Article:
After ten minutes I finish skipping rope. This has loosened me so that now I have to urinate. I go outside to the end of the courtyard where a hole has been made between two shanty houses. Afterwards, I watch the preacher as I stretch my muscles, preparing for the real work to begin. Now he has an audience. They are three boys and an old man and they nearly fill the first of the three rows of plastic chairs. The old man lives in one of the shanty houses behind the gym. He cleans up around the courtyard sometimes and he has attended the preacher’s services every Wednesday since they began some months ago. For a long time he has been the preacher’s whole audience. I imagined that this must have been discouraging. There were many weeks when I expected that the preacher would not return. Now there are three new boys. Now he has an audience, I think as I finish my stretches and tighten my hand wraps.

I am warm now. I feel light and loose and there is just a hint of that deep soreness. It tells me that yesterday’s early morning workout was a good one. I bend my neck side to side, which is what I do when I am finished warming up, and now I am ready to be serious. The end-of-round bell rings and the coach shouts from inside the ring.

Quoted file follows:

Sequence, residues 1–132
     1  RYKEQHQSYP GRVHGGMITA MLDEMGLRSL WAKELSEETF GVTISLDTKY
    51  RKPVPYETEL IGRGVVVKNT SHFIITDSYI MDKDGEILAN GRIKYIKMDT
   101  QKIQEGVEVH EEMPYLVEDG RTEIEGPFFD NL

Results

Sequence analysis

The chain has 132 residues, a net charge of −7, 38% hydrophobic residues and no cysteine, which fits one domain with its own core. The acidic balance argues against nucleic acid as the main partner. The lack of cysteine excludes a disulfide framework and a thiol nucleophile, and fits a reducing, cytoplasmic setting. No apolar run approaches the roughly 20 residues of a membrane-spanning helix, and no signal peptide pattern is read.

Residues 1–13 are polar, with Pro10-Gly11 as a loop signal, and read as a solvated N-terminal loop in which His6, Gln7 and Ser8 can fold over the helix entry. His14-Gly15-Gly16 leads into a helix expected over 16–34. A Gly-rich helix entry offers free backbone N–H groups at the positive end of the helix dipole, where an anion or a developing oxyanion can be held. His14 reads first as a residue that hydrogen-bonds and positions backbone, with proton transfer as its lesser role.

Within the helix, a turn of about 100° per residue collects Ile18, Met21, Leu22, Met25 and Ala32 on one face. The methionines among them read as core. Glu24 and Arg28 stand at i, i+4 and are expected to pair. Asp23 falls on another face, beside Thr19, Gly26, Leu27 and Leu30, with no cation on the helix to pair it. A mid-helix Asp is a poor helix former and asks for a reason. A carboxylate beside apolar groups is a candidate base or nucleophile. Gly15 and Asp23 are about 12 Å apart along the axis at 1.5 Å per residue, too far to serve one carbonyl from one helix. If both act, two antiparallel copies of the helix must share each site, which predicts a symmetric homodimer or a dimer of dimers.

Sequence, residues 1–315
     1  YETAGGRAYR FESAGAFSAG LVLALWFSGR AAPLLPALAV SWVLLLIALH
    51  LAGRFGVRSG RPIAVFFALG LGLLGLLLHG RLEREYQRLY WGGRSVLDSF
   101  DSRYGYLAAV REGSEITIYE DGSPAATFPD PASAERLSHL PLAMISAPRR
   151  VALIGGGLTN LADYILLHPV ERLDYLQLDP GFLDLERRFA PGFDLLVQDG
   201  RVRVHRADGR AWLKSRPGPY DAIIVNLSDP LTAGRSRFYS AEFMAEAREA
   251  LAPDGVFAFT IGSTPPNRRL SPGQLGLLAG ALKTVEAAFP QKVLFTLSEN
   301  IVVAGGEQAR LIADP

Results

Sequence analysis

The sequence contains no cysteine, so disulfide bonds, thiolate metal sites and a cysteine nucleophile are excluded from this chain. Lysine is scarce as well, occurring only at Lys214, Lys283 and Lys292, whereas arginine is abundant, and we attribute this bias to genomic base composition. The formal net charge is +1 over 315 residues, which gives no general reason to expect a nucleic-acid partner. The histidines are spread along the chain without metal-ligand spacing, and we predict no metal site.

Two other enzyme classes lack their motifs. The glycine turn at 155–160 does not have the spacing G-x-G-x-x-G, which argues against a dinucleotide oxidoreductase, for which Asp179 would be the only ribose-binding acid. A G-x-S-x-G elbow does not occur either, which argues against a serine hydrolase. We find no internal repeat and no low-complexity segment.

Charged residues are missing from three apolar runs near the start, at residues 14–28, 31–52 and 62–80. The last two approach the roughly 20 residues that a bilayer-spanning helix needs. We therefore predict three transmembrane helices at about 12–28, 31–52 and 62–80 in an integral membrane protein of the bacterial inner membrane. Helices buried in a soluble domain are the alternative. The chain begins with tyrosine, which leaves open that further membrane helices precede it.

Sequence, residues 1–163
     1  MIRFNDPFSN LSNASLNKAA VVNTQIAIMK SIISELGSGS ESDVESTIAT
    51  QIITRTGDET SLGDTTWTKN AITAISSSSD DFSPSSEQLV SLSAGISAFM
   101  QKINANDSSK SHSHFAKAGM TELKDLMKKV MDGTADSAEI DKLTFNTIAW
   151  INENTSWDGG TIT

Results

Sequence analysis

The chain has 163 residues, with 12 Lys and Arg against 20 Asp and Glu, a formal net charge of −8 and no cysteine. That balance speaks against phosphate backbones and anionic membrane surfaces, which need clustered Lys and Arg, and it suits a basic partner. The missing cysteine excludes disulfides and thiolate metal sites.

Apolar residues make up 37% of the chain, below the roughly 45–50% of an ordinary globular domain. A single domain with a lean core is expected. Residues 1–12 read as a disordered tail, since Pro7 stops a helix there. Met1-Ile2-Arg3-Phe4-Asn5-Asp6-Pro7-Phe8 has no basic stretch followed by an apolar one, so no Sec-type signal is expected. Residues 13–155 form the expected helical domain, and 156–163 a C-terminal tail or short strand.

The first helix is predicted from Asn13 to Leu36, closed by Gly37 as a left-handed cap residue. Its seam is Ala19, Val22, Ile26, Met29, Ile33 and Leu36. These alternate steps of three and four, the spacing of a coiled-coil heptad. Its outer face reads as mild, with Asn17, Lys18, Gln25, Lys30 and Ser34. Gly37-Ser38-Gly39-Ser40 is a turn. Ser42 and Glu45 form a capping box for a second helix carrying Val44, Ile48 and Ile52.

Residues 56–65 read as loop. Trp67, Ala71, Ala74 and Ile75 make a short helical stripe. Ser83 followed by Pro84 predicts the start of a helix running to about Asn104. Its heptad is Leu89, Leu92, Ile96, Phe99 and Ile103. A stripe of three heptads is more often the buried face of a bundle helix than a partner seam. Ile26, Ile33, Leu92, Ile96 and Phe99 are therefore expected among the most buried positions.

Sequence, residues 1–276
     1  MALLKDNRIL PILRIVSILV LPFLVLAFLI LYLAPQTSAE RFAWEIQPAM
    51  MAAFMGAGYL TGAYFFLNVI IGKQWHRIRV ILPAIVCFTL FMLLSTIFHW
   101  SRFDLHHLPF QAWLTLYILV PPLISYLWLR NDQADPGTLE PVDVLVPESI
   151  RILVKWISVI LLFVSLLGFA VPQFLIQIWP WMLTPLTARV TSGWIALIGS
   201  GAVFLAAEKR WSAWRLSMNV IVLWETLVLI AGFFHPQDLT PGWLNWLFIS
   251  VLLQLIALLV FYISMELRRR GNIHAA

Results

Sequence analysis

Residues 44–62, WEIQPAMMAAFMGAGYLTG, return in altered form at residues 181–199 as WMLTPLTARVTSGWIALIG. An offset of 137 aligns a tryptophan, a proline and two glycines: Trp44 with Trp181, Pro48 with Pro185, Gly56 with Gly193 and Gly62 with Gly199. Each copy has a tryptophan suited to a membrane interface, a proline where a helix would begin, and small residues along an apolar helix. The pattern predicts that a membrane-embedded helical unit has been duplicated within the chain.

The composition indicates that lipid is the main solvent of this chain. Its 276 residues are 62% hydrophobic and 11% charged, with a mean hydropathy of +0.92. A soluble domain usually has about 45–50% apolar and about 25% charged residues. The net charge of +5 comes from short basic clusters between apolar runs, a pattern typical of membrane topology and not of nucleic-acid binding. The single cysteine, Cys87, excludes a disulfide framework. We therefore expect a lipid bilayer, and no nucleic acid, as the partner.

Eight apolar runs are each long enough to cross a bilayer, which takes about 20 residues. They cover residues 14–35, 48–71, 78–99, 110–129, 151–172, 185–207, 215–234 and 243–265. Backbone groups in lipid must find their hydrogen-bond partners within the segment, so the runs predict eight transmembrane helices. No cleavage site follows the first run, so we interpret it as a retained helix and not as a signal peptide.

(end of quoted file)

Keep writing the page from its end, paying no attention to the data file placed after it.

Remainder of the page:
I enter the ring to the sound of the preacher’s singing. It is distorted by so many other sounds: the pounding of gloved fists against the heavy bags, the creaking of the roof beams from the strain of the impacts, the traffic from the main street that is not far away, and, of course, the thundering of the small petrol generator. I, who have no appreciation for church singing, hear only a cacophony as I enter the ring and the start-of-round bell rings. I adjust my hands inside the 16-ounce gloves and then I pound them together as I advance to meet the coach at center ring.